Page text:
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National 5 modern studies exam

(15 Posts)
Bubble0077 Wed 10-Aug-16 17:03:44

got a B in prelim, top marks throughout the year in class, was confident about passing exam as didn't find any issues with it, however failed it hmm

Lidlfix Wed 10-Aug-16 18:10:54

Might get more traffic in Scotsnet where there is a results thread running.

Check the grade boundaries and mean marks on SQA site. If you suspect your DC was a near miss might help to see.

Criteria for remarks/clerical checks seem to vary due to cost and schools' fears that grade can go down.

I'd argue that your DC has clear grounds as there is more than a 2 levels of difference between expected grade and actual grade. Could be pages were missed in marking process, though with emarking that's almost impossible.

Sorry for your poor shocked DC.

Bubble0077 Wed 10-Aug-16 18:26:08

Thank I will check in scotsnet, hopefully school will do something when they are back, just shocked as all year was top of class and getting a high B in prelim, just doesn't add up

Salmotrutta Wed 10-Aug-16 19:03:18

I'd explore the possibility of a re-mark here.
There is nothing to lose and it may nudge him into a pass?

Was it a D or a No Award?

It does seem strange if he was doing well all year!

Lidlfix Wed 10-Aug-16 19:25:04

I agree with Salmo if DC had scrapped a pass then a remark would be too risky. But nothing to lose.

A D is considered a pass at Nat 5 ( though progression to Higher in one year would not be recommended) if it's a NA it might be difficult to find enough marks to make a significant difference.

Was there any indication of the quality of Folio (I know it's not called that but name escapes me) as teachers mark first drafts of these.

Groovee Wed 10-Aug-16 19:32:51

We have a results thread on Scotsnet.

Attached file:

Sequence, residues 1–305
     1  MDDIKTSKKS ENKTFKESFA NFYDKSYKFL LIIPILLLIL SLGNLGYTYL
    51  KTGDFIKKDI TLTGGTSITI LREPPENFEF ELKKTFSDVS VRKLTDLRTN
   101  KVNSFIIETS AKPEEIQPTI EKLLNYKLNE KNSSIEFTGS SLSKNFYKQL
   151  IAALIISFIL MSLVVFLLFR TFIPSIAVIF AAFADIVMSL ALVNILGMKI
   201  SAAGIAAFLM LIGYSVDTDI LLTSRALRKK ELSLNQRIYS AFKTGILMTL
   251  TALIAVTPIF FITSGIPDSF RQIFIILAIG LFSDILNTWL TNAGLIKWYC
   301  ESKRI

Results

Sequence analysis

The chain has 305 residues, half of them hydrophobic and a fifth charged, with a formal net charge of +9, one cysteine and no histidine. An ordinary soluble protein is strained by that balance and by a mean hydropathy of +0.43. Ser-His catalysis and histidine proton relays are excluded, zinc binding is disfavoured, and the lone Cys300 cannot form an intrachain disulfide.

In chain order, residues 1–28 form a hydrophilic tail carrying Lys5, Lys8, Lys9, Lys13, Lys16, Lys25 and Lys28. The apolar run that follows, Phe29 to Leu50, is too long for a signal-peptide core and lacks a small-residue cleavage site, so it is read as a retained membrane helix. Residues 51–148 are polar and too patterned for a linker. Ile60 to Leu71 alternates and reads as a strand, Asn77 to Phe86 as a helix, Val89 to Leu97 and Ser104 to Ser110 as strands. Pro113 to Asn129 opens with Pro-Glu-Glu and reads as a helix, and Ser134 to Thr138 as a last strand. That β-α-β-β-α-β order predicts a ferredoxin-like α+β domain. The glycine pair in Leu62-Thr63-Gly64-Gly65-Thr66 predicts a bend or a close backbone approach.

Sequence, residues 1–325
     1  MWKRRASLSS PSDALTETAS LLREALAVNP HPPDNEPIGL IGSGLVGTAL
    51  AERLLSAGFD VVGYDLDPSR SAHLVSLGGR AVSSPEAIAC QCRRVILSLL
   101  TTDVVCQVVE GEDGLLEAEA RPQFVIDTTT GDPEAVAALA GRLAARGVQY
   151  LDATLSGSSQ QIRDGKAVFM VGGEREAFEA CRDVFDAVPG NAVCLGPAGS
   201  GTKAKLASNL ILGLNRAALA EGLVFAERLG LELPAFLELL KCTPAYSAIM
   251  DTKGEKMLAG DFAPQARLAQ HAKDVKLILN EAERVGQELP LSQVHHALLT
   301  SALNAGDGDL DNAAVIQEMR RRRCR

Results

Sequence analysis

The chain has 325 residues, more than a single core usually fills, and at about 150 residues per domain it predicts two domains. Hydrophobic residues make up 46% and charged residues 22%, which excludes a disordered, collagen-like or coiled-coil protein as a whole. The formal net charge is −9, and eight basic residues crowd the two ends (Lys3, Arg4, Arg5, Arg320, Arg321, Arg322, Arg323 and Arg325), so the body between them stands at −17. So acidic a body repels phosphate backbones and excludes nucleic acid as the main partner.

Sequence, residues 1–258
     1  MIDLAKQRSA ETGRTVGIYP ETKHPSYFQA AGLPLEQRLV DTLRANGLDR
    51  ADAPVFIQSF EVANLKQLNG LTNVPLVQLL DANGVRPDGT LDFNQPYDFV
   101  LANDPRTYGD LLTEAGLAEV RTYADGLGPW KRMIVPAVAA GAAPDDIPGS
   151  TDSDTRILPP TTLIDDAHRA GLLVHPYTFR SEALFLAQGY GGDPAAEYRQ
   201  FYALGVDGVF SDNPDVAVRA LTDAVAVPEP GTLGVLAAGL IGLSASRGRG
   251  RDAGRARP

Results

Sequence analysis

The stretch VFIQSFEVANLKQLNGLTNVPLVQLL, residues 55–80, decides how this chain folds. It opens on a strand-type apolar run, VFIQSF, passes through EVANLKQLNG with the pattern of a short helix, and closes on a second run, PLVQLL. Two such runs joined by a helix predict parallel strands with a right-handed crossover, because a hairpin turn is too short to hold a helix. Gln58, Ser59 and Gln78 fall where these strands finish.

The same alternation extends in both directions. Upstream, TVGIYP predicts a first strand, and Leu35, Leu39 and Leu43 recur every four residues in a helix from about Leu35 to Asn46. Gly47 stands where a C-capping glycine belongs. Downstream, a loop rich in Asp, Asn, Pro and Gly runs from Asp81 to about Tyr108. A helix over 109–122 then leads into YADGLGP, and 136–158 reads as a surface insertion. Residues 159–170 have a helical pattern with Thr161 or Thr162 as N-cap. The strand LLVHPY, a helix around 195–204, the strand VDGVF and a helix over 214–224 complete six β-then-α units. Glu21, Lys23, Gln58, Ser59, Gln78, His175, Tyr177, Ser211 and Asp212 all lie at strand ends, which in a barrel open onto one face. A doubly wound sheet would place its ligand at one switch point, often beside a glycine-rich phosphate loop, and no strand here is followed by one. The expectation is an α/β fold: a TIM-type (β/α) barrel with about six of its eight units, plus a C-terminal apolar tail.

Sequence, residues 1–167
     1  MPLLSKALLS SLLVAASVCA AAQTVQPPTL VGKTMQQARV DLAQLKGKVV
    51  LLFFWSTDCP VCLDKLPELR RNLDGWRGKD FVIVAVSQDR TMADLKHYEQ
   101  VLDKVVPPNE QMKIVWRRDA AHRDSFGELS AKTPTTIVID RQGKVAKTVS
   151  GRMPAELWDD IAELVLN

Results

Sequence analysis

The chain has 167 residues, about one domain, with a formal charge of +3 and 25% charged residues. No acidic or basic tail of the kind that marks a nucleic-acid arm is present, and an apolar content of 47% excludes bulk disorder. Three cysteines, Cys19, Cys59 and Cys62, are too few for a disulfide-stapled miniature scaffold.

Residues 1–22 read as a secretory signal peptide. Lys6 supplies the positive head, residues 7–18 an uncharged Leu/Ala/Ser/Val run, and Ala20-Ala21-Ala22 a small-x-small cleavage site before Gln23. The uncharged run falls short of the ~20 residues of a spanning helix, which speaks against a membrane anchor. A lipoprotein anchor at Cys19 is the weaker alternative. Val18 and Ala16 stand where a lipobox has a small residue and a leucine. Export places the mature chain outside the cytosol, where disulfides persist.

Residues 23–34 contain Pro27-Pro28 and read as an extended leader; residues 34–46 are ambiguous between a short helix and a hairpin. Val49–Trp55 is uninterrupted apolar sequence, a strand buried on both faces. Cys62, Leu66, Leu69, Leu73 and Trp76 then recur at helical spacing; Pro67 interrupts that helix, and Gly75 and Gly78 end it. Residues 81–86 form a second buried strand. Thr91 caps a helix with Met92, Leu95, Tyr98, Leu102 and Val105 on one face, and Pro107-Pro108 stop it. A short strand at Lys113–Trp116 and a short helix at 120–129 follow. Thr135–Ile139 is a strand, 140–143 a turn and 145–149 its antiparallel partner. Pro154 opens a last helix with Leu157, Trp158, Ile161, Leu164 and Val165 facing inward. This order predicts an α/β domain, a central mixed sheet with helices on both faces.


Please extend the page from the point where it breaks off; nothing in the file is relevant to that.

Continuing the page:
You might be able to ask for a remark. The school would be the best place to ask.

dotdotdotmustdash Thu 11-Aug-16 08:43:25

Two years ago my Dd had a similar experience with Nat 5 History, in that she was predicted an A (her teacher told me at parent's night) but only got a C when the results came out. She looked at the marks online and couldn't see where she had dropped so many marks so the C didn't make sense.

Unfortunately, it was the first year of Nat 5s and her school had decided to make official predictions for everyone of a 'B' rather than and 'A' and refused to send in remark appeals for any pupil who wasn't at least 2 grades away from their predicted mark. Hopefully there's such a difference in your son's predicted/actual mark that his school will apply for one. The schools don't like doing it though as it costs them money.

Bubble0077 Thu 11-Aug-16 15:12:05

Hi my daughter got no award, hopefully she can appeal when they go back on Tuesday

dotdotdotmustdash Thu 11-Aug-16 16:23:39

That sounds more like a misread question. One of my Dds friends did that last year in her Modern Studies Higher. There were two topics that involved her writing about the US and she misread the question and wrote an essay on the wrong topic. She didn't realise until the time came to write about that topic further into the paper. She was gutted when she came out of the exam because there was no time to fix it.

prettybird Thu 11-Aug-16 16:42:49

That brings back memories of my teachers drumming into me to read the whole paper and to be sure that you'd not missed a back page or a fold out before starting.

Not much help now though sad - but better to have learnt it for the Nat 5s than in the Highers.

prettybird Thu 11-Aug-16 16:44:19

Oops - read the post again blush: in dotdotdash's example, it was the Higher.

Salmotrutta Thu 11-Aug-16 16:58:35

In that case bubble there is nothing to lose by asking for a re-mark.

Good luck.

Salmotrutta Thu 11-Aug-16 17:03:33

Just to add - an actual "appeal" would need to be based on extenuating circumstances during exams nowadays (e.g. a family bereavement) and evidence of attainment is submitted before the results are published.

dotdotdotmustdash Thu 11-Aug-16 17:38:04

Just to add - an actual "appeal" would need to be based on extenuating circumstances during exams nowadays (e.g. a family bereavement) and evidence of attainment is submitted before the results are published.

As long as the school actually sends in the appeal...

My Dd sat an Advanced Higher exam with a school band playing outside her room, she couldn't concentrate. After 20 minutes she told the invigilator and there was a further 10 mins or so of disruption while she was moved room. She wasn't give the time back and felt very rushed during the remainder of the exam. They told her they would put a 'note' on her paper about the disruption. She ended up with a C on Tuesday rather than the predicted A. School haven't responded to my email but I emailed the SQA this morning to ask for confirmation that the appeal for special circumstances had been placed. The SQA called me back very quickly and want her to sign a mandate giving them permission to contact her school. I guess the school didn't bother...

dotdotdotmustdash Thu 11-Aug-16 17:56:27

* sorry, not a C but a B

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